889 reputation
2926
bio website linkedin.com/in/jaimesoto
location Orlando, FL
age 33
visits member for 3 years, 11 months
seen Jul 14 at 14:57

I develop terrain and structural modeling software tools for simulation and gaming.


Dec
13
comment Has there been an interrogative word to ask for a quantity or amount?
This question is derived from one that I asked in Spanish Language and Usage. I'm just curious about the lack or a single-word quantity interrogative in English. I know that how much and how many presently serve the same purpose as the Spanish cuánto.
Jun
29
comment Heraldry symbols description
I'll take advantage of this question to shamelessly promote my Area 51 Q&A proposal: Vexillology and Heraldry
Apr
21
comment Are “tomorrow” and “morning” etymologically related?
I edited the question and changed Spanish phrase to mañana por la mañana instead of the unusual mañana mañana.
Feb
8
comment Favourite untranslatables
@oosterwal: How dare I forget about y'all! I'm from Central Florida, which is in the South or just south of the South depending on who you ask.
Feb
2
comment Are there any examples of cross-language redundancy (e.g. “kielbasa sausage”)?
I have seen queso cheese used in the context of queso cheese sauce or queso cheese dip, meaning a sauce or a dip made with Mexican (or pseudo-Mexican, e.g. Monterey Jack) cheese.
Jan
10
comment Capitalization of User Interface Buttons
I found two related questions in the UI Q&A: Are there any studies that show the quickest mental processing for capitalization of header menu items for a website. (sic) and Is it correct to sometimes capitalize words mid-sentence in computer user interfaces?.
Jan
10
comment Are there any examples of cross-language redundancy (e.g. “kielbasa sausage”)?
@CesarGon: this is a good example of different definitions depending on the region. The definition of chorizo in my country of origin (Colombia) is less restrictive. According to Wikipedia: In Argentina, Uruguay and Colombia, chorizo is the name for any coarse meat sausage. Spanish-style chorizo is also available, and is distinguished by the name "chorizo español" ("Spanish chorizo"). Nevertheless, I think you are right since the interpretation of chorizo by English speakers possibly derives from Mexico or Spain.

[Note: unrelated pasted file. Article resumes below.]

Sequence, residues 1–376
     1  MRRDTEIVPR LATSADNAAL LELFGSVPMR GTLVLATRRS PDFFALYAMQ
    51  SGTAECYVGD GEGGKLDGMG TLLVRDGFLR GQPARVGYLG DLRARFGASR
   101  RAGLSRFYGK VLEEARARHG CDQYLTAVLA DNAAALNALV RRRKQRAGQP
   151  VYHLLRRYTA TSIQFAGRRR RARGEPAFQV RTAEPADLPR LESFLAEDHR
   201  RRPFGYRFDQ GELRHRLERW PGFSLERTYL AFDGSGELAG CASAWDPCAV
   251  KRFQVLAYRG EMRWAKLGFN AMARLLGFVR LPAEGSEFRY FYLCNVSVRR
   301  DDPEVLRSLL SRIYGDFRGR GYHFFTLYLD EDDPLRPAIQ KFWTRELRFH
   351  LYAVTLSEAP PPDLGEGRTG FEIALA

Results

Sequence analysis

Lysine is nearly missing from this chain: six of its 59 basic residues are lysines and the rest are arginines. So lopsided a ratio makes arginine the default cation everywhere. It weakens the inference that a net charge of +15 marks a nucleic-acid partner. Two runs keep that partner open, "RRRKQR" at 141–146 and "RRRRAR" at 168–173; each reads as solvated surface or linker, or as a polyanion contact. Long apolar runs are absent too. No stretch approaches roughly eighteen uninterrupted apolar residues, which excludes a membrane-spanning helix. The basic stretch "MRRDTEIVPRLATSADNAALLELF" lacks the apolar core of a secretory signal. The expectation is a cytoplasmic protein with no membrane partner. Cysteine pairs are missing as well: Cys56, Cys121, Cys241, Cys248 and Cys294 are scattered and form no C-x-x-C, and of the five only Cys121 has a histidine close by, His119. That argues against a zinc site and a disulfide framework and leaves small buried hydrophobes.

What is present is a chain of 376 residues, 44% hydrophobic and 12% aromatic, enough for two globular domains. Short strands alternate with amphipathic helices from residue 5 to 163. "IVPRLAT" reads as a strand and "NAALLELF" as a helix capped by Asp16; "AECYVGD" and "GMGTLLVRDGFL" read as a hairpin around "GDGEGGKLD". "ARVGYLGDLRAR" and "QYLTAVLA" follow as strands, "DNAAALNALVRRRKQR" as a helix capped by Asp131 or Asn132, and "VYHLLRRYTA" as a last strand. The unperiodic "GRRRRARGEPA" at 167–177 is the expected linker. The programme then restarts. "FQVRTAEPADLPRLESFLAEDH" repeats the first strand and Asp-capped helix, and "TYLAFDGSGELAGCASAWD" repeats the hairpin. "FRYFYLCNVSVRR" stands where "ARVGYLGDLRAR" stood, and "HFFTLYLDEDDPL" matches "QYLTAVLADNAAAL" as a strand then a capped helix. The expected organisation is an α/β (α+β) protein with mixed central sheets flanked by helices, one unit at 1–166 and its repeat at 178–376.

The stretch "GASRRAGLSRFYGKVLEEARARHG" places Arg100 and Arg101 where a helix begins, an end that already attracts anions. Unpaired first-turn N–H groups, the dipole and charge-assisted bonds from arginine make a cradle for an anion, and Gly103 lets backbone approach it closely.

Jan
7
comment Quote meaning: A wife is essential to great longevity
Here's a similar quote: Wives are young men's mistresses, companions for middle age, and old men's nurses. - Francis Bacon
Jan
6
comment Response when your boss thanks you
Glad to be of your service, my [ dear ] [ master | overlord | boss | commander | captain | ...]
Jan
3
comment Are these phrases too posh-sounding for conversational English?
I don't speak German, but could those English posh words be cognates of their common German equivalents? I used many posh Latin-based terms (my native language is Spanish) when learning English because of my limited vocabulary.
Dec
10
comment Does the quirky spelling in English actually make it easier to read?
An abrupt change of current English to anything else would probably make it more difficult to read just out of habit. Non-uniform spelling has allowed different pronunciations not only for short letter sequences but for entire words (e.g. all the how do you pronounce x? questions). On the other hand, a language like Spanish has a strong correlation between spelling and correct pronunciation (as defined by the Royal Spanish Academy). I wonder if romaji would make Japanese reading easier to someone with little exposure to the Latin alphabet or the Japanese spoken language.
Dec
10
comment Pronunciation of “Wiki”
I agree with @nohat: these are borrowed words, not mispronunciations. Should we consider the Spanish estándar for standard or the Japanese アイスクリーム (aisu kurīmu) for ice cream as mispronunciations of English?
Dec
10
comment What are the important differences between Canadian and American (USA) English?
What are you talking aboot?
Dec
10
comment How do American dialects differ?
It is common to hear the 408, the 417, and the 528 in the Orlando area for the East-West Expressway, Greenway Expressway, and Beachline Expressway. However, it is awkward to hear the X for non-expressway state roads, U.S. roads, or interstates, e.g. the 50 instead of 50, the 17-92 instead of 17-92, or the 4 instead of I-4.
Dec
7
comment Are there any examples of cross-language redundancy (e.g. “kielbasa sausage”)?
What type of shirt is it? Is the chert portion derived from English?
Dec
3
comment Are there any examples of cross-language redundancy (e.g. “kielbasa sausage”)?
+1 For that great Wikipedia link.
Dec
3
comment Foreign words reborrowed back into English
Could someone with enough reputation please mark this question as a community wiki?
Dec
2
comment Are there any examples of cross-language redundancy (e.g. “kielbasa sausage”)?
Maybe if we called it "book of the Biblos," the Greek word for book.
Dec
2
comment Are there any examples of cross-language redundancy (e.g. “kielbasa sausage”)?
Another jewel from that area is Los Angeles Angels of Anaheim: The Angels Angels of Anaheim.
Dec
2
comment Is “alien” offensive?
@Noldorin: I am offended your suggestion that all aliens are illegal immigrants. j/k